Entrepreneurship: the key for hope at Pakistan Savory Hub


In 2016, the Africa Centre for Holistic Management (ACHM) of Zimbabwe, in partnership with the Savory Institute (SI) joined forces with the Pakistani Livestock and Fisheries Department and assembled an international team of land, livestock, and community experts to conduct a feasibility study for implementing a successful land regeneration project in the Sindh province. 

The project emerged from the dedication, passion, and hard work of one individual, as is usually the case — Nighat Hasnainh, a member of our global community. Over three years, she met with dozens of government staff, local NGO’s, and communities to determine if a project could be established. She reached out to us and it became clear that a formal feasibility study was needed to determine the geographical location, partners, and program details for a pilot project. The ideal future would be to use this demonstration site as the foundation for the development of a training center (or Hub) in the Sindh province for pastoral communities, local NGOs’, and government staff. 

Savory Team with members of the Sindh Government during 2016 visits

We spent many days in the country, a land of paradoxes — warm hospitality yet 24-hour armed guards around us; poverty, desertification, and scarcity yet delicious food, smiles, and a sense of abundance in people’s homes and tables — with the goal of recommending an implementation strategy of Holistic Land and Livestock Management in the region. 

This could mean a large scale project and the beginning of a new era for Pakistani pastoral communities. However, the bureaucracies of the system rendered Nighat’s dream unviable. 

At least for now. 

Institutional change is slow and processes typically cumbersome, and although necessary, they need to be complemented by other approaches. At Savory, entrepreneurial grassroots efforts are our preferred currency of work.

Around the same time, a young man from Pakistan, Usman Bajwa, joined the Savory Institute’s Hub network with a similar dream and a fierce desire and commitment (as strong and real as Nighat’s) to change the fate of his country, as well as the reality for its pastoral communities. Usman and his colleagues Ashad Rashid and Samia Farooq, all members of the Combating Poverty and Climate Change Foundation, now the Savory Hub in the country, joined our training programs and began their regional work, not without a good dose of challenges. 

Usman and his team decided to take matters in their own hands and rather than waiting for funding and government permits and signatures, they started their own entrepreneurial demonstration and learning pilot.

Usman Bajwa of the Pakistan Savory Hub

Amidst the COVID-19 crises and after our mutual disillusionment of not being able to meet in person during the Savory Global Network Gathering planned for March in Australia, we received a message from Usman, filled with promise and excitement. He writes:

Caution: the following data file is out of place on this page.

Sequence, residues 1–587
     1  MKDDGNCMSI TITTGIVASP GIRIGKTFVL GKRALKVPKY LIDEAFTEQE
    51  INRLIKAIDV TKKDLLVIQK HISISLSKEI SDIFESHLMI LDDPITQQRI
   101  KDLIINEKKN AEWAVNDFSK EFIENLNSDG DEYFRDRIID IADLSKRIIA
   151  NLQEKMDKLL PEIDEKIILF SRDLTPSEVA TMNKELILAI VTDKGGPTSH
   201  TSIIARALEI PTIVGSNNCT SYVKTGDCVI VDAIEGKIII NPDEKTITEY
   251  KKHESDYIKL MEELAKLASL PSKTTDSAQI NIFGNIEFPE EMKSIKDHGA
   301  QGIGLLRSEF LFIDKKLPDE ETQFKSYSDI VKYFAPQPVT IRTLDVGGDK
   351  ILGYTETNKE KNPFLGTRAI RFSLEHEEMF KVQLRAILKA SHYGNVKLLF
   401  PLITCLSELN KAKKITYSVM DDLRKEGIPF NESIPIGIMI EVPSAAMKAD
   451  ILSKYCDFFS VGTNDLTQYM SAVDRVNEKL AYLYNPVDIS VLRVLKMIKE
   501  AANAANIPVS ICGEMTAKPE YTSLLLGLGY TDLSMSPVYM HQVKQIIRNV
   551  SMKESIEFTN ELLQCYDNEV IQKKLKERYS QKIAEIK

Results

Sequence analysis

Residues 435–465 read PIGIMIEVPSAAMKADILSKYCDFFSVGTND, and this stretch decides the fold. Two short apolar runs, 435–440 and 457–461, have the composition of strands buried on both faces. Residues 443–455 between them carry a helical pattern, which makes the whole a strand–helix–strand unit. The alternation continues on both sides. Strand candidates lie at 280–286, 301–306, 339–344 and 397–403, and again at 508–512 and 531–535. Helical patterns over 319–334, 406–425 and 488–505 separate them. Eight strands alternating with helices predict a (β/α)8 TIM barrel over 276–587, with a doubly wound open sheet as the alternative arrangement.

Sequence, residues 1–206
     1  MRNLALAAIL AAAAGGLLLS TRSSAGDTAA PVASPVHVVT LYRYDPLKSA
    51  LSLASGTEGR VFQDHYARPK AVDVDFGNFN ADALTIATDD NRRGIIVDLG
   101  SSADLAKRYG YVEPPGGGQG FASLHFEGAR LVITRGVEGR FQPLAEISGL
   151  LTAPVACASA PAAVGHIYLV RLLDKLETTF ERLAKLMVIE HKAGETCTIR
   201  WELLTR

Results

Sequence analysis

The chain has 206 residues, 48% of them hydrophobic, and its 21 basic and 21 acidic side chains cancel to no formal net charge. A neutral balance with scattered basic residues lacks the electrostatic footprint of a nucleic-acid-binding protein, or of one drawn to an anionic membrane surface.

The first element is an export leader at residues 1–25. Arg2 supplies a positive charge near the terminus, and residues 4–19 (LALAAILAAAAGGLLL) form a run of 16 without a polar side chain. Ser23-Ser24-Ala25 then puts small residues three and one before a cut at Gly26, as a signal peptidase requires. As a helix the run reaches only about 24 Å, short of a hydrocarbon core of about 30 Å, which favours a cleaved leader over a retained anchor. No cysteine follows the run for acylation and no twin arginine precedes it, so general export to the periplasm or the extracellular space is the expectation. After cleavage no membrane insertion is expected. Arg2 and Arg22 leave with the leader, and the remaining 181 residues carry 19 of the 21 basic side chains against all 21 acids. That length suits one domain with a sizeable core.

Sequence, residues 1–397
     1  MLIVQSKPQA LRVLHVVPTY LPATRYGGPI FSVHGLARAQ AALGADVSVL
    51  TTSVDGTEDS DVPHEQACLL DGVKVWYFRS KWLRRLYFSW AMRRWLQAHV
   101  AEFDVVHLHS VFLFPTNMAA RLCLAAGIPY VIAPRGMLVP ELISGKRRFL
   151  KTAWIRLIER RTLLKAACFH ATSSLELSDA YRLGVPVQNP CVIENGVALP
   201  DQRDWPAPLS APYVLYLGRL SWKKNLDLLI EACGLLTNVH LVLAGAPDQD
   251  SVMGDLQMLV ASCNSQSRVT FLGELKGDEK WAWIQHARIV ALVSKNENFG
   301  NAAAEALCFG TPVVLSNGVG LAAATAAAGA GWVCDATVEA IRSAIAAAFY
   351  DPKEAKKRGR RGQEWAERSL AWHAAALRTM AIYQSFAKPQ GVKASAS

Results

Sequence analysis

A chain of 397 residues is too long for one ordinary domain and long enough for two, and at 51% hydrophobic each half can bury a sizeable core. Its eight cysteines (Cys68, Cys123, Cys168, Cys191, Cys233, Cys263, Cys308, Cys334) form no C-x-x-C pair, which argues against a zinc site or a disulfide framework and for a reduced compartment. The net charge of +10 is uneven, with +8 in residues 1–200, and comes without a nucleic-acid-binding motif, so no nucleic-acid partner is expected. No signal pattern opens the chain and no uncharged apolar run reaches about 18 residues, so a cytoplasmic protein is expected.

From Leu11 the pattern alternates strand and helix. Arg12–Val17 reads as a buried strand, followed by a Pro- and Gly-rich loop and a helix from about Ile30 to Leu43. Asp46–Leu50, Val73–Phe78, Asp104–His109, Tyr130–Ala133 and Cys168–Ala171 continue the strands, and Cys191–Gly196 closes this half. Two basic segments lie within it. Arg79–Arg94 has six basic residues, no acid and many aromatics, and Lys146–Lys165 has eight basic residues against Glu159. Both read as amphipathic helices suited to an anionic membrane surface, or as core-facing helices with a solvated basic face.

“After my three years of continuous struggle to convince people towards holistic management, I got big achievement. My father is fully impressed by my work and he offered me 35 acres of land for holistic planned grazing. Soon I will start grazing." 

Usman invited friends and family members and gave a presentation about holistic planned grazing and shared his business plan with them. He asked them to support his dream through the purchase of at least one calf each. He would care for the animals and share the bounties of his management on a profit basis. He would use his family’s land and would lease more, and little by little would grow his own business demonstrating a better way to raise food and do business in his community. 

Usman has higher aspirations though. He shared with us his dreams of leading his country in some way, of bringing peace and prosperity through holistic policy design, and grasslands management. Showing his country leaders what is possible when we manage holistically, with all the complexity of land, people, politics, economies, and markets is a life goal of Usman’s.

But back to the present, he persuaded this group of loving family members and close friends to join him and raised enough money to add to his personal savings and purchase his first 32 calves. And off he went to raise his animals entirely on grass through Holistic Planned Grazing at his family farm in the village of Shahzada in Punjab. 

Some months into his journey, he has managed to increase his herd to 171 calves, grazing over 45 acres, and spending 12 hours daily on the farm and its related activities. Usman shares with us “that I am pleased to learn hands-on, further, on a larger scale.” We like that – action leadership!

Usman's herd

In the beginning, his family was not sure too sure about Usman’s plans. “Holistic Management by Savory being a uniquely advanced method — from soil to grazing to nutrition — was a little too complex for my family,” he shares.